9 practical ways to fight climate change in your kitchen

Combating climate change can feel bigger than us, but we can all take simple and practical measures to benefit the planet.
Image: composting kitchen waste
Purchase a compost bin for unused vegetable and fruit scraps, which can be stored in a shaded corner of your yard.Pixavril / Getty Images
By Nicole Spector

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On April 22, 1970, 20 million Americans demanded a new approach to the way the United States faced climate change — noting that environmental ignorance was a global issue. Thanks to the unified response, Earth Day was officially established.

Wednesday marks the 50th Anniversary of Earth Day and people will once again demand mass climate action. Though you can't take to the streets to march or rally due to social distancing guidelines and stay-at-home orders, you can do your part by implementing environmental change from your own home.

Learn more about the impact of climate change along with the small steps you can take to be more eco-friendly — starting with your kitchen.

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In this article

  1. Invest in reusable straws
  2. Choose beeswax wrap over plastic cling wrap
  3. Buy palm leaf plates instead of paper plates
  4. Use biodegradable dish brushes instead of plastic ones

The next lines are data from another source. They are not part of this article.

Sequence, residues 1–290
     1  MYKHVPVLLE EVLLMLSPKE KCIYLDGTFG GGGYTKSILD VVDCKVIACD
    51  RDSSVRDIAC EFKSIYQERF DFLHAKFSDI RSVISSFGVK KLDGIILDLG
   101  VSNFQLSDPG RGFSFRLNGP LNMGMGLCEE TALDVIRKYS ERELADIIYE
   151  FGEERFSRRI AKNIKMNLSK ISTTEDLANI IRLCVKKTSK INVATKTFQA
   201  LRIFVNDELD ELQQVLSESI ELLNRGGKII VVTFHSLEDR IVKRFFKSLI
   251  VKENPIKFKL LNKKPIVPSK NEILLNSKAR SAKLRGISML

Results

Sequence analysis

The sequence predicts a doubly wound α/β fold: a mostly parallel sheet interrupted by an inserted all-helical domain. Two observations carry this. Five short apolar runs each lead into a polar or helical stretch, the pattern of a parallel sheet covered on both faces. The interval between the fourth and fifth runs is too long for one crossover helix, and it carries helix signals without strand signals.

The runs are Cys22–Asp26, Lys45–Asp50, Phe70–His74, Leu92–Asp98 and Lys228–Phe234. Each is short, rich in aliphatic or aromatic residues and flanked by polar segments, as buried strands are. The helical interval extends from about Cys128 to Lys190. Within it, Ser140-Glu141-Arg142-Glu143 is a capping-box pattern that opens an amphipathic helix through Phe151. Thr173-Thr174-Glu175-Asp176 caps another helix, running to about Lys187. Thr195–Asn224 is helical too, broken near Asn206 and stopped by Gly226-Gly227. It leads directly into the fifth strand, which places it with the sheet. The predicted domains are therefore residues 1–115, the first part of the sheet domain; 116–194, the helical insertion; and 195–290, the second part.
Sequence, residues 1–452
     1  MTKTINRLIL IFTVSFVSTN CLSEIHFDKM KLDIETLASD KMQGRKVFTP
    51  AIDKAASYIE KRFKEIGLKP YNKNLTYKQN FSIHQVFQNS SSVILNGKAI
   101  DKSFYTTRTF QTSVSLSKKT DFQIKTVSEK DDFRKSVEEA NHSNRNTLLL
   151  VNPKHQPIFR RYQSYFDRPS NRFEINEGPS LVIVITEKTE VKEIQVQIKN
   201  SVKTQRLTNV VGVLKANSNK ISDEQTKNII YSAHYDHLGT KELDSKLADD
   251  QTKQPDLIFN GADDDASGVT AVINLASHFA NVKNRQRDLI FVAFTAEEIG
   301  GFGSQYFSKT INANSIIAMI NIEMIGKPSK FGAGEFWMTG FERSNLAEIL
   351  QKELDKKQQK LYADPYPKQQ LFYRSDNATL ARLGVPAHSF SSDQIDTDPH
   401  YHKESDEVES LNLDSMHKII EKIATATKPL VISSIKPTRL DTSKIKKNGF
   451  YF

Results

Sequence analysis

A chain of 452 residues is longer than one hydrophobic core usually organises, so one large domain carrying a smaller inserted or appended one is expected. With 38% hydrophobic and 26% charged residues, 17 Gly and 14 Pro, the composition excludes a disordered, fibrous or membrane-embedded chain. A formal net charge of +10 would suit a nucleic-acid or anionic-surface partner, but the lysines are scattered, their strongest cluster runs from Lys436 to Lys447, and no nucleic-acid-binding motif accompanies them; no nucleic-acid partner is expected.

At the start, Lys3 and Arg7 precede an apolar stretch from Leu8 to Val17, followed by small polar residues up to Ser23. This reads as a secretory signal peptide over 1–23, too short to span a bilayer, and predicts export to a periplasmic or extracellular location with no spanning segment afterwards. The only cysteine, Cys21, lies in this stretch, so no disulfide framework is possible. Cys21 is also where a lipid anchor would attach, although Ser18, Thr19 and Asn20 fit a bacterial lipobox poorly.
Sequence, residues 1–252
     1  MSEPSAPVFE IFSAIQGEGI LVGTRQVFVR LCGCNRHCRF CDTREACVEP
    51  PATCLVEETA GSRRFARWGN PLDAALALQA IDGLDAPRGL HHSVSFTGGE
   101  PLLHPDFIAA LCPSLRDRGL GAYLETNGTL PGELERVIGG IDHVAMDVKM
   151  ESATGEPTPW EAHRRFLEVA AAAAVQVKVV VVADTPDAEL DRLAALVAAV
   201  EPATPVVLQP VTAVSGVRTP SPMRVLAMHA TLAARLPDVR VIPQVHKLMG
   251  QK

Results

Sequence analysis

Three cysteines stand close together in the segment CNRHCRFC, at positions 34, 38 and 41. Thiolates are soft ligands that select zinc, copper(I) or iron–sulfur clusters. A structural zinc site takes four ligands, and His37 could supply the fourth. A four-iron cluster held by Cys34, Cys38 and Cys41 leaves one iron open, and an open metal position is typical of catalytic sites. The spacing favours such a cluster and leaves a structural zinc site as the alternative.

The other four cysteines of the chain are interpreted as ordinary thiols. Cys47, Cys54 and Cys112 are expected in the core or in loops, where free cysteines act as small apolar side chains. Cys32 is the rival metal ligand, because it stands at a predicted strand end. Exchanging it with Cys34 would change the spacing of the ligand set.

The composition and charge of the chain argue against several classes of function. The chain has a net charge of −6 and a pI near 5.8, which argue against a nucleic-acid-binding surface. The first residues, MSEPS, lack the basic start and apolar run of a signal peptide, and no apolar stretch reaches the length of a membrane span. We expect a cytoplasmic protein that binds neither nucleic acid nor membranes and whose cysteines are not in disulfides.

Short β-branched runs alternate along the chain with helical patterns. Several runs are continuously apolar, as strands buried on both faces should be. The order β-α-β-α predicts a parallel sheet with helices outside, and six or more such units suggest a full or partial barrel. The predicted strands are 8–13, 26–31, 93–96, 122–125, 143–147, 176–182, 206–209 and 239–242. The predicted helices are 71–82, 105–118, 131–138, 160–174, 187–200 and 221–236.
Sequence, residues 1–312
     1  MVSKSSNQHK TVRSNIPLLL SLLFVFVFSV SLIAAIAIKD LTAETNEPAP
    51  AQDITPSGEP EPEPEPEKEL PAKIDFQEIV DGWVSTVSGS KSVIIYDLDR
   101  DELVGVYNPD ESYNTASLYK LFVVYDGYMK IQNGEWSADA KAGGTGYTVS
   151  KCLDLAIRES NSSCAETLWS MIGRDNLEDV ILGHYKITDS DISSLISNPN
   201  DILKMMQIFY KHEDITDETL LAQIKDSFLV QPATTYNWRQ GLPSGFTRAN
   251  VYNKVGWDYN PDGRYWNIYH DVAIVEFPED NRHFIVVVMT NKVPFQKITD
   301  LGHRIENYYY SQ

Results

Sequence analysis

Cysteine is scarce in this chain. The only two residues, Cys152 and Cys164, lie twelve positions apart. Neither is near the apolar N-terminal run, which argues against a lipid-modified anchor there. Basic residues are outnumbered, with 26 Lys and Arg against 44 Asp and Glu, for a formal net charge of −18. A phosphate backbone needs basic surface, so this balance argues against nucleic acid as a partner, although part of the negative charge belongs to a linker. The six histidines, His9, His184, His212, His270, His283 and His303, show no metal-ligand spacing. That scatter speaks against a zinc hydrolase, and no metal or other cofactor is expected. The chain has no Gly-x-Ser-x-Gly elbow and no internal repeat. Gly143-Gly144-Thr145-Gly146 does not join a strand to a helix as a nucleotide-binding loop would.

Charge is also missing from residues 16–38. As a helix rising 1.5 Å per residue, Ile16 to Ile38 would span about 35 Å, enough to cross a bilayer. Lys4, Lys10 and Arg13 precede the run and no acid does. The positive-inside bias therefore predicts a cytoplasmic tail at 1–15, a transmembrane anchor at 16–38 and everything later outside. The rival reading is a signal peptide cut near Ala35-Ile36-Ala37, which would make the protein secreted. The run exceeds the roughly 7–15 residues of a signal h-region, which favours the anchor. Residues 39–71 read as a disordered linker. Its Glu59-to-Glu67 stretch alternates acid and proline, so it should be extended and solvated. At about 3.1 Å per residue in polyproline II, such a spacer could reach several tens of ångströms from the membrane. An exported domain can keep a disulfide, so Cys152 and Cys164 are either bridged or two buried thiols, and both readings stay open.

5. Do not use non-sustainable palm oil
  6. Recycle your cooking oil
  7. Compost food scraps
  8. Make your own tea with a tea infuser
  9. Eat plant-based as often as possible

Why is climate change an important topic?

Scientific research proving the existence and lethal threats of global warming are nothing new, but the message, or alarm bells, are louder and clearer than ever. A comprehensive report from the U.N. released last month found that — given the ocean is absorbing greenhouse gas-created heat in the Earth — the ocean's heat content "reached record-high levels again in 2019."

Humans have reached a watershed moment in their history, and the waters are rising fast, literally. We’ve already seen significant evidence of the toll of climate change, from not-so-natural natural disasters to devastating droughts and abnormal heat waves, not to mention the extreme endangerment of wildlife among other dismal events.

It’s difficult to be realistic without getting caught up in the doom and gloom of it all, but scientists like Peter Fiekowsky, a MIT-trained physicist and the founder of the Foundation for Climate Restoration (F4CR), reasons that now is the time for a positive mindset.

“There is good reason for optimism and it starts with people talking about climate change and saying, ‘What can I do?’” Fiekowsky tells NBC News BETTER. “The survival and flourishing of humanity is our responsibility and it is doable.”

Much of what is required to combat climate change feels bigger than us, but we can all take simple and practical measures to benefit the planet (or at least, stop piling on the damage). Consumers appear to be ready and willing to make the necessary adjustments, with a report from Pinterest finding that searches for “sustainable” are up 108 percent, and searches for “save the planet” are up 380 percent.

What can you do on Earth Day 2020?